Since version 0.24.0 it is also possible to define vClass-specific speed limits for every edge.

Car Following Model#

The car following model of a vehicle defines its speed in relation the vehicle ahead. The default model always selects the maximum speed which is safe in the sense of being able to stop in time to avoid a collision.

Acceleration and Deceleration#

All models are subject to constraints in their acceleration an deceleration. By default they will not accelerate stronger then the accel value. The default model plans its maneuvers so as to stay within the decel value (per second) but other models may interpret this value differently. All models will never brake harder than the emergencyDecel value (which defaults to the same value as decel but may be set independently).


This is just a convention which the available models obey but which could be ignored by custom models.


Some car-following models support the sigma-attribute which models driver imperfection. For values above 0, drivers with the default car-following model will drive slower than would be safe by a random amount (between [0, accel]).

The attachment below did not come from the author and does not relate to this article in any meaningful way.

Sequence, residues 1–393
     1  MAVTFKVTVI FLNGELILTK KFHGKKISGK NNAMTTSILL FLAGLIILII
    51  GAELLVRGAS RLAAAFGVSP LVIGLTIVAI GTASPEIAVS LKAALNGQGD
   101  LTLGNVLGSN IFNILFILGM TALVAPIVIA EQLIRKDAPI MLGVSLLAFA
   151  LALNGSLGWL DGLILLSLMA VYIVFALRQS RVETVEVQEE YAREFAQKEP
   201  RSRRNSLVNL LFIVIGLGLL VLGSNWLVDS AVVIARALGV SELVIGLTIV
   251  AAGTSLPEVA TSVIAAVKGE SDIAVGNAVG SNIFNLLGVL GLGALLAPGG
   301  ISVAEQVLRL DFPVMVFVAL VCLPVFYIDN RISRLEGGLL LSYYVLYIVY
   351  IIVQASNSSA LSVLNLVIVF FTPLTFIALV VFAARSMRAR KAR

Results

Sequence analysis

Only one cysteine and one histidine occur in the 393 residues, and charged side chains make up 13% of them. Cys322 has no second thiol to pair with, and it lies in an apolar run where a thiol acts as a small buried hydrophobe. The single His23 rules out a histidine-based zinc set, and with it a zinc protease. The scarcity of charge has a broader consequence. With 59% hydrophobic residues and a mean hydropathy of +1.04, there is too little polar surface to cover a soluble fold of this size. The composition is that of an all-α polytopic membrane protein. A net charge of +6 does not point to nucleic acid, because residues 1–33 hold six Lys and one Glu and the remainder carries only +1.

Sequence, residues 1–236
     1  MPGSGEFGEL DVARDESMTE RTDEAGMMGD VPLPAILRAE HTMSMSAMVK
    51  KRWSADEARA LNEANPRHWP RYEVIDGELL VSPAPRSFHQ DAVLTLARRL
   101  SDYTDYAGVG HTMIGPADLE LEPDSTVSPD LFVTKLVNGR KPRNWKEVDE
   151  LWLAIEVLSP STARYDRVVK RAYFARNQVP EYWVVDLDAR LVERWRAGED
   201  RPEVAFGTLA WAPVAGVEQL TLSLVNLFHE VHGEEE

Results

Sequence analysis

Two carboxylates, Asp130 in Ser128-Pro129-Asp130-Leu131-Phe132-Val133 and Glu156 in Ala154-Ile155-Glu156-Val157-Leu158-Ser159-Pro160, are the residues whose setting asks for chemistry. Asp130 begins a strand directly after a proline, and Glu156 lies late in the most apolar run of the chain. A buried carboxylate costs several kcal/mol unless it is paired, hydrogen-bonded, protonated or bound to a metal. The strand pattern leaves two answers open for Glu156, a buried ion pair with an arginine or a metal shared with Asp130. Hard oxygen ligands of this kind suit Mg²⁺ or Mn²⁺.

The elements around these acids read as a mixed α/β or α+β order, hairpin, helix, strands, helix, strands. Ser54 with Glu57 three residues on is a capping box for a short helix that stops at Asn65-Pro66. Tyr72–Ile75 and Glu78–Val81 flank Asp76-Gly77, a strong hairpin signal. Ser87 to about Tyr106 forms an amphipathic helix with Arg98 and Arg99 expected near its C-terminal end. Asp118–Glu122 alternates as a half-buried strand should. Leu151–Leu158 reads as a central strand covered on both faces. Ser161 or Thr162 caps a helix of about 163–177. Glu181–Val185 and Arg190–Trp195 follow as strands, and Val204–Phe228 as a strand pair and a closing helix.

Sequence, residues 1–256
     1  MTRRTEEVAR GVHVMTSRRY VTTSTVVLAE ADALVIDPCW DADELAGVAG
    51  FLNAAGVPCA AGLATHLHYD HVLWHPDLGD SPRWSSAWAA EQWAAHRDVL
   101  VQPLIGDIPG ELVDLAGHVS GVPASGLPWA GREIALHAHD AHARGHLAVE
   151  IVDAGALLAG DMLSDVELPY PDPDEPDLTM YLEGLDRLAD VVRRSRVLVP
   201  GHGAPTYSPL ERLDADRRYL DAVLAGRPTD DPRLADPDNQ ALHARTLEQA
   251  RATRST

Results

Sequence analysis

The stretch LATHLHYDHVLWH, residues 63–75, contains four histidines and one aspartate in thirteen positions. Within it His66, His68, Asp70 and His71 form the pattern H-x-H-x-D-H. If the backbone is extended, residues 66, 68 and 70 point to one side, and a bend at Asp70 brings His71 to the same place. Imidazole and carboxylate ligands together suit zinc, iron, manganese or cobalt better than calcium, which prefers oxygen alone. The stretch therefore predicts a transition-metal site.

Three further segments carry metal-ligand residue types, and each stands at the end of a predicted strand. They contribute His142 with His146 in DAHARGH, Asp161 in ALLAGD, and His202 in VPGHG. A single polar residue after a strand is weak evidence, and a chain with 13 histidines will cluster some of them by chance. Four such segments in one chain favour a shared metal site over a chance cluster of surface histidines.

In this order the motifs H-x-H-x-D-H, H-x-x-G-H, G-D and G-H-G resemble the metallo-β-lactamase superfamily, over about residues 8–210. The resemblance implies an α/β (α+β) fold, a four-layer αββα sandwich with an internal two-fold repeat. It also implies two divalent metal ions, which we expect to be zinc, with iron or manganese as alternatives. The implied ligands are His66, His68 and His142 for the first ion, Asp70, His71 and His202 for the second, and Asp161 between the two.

Vehicles approaching an intersection without the right-of-way have to slow down. If the intersection is used by other vehicles which have the right of way, stopping may be necessary until a safe time-window is found. That time windows is based on the same safety assumptions as the car-following model. For the default Krauss-model this means that each vehicle must be able to stop safely even if its lead vehicle brakes hard to a full stop.

Even if a vehicle has the right-of-way it may need to slow down due to impatient drivers which drive across the intersection. The right-of-way rules at an intersection are defined by the node type-attribute and by traffic lights.

If a vehicle hasn't yet entered the intersection, it will in most cases slow down in response to any other vehicles that have already entered the intersection unless there is an unobstructed waiting place within the intersection (an internal junction) to which it can move. If two vehicles in conflict are within the intersection at the same time, a priority order is established based on their time of entering, their speed, the right of way rules and the state of any traffic lights. This priority order determines which of the vehicles has to slow down and which one may drive unimpeded.